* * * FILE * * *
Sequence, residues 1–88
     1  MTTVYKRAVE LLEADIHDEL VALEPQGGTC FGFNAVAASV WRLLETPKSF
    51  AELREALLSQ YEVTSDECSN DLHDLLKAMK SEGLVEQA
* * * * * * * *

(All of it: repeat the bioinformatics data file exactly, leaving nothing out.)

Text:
Sequence, residues 1–88
     1  MTTVYKRAVE LLEADIHDEL VALEPQGGTC FGFNAVAASV WRLLETPKSF
    51  AELREALLSQ YEVTSDECSN DLHDLLKAMK SEGLVEQA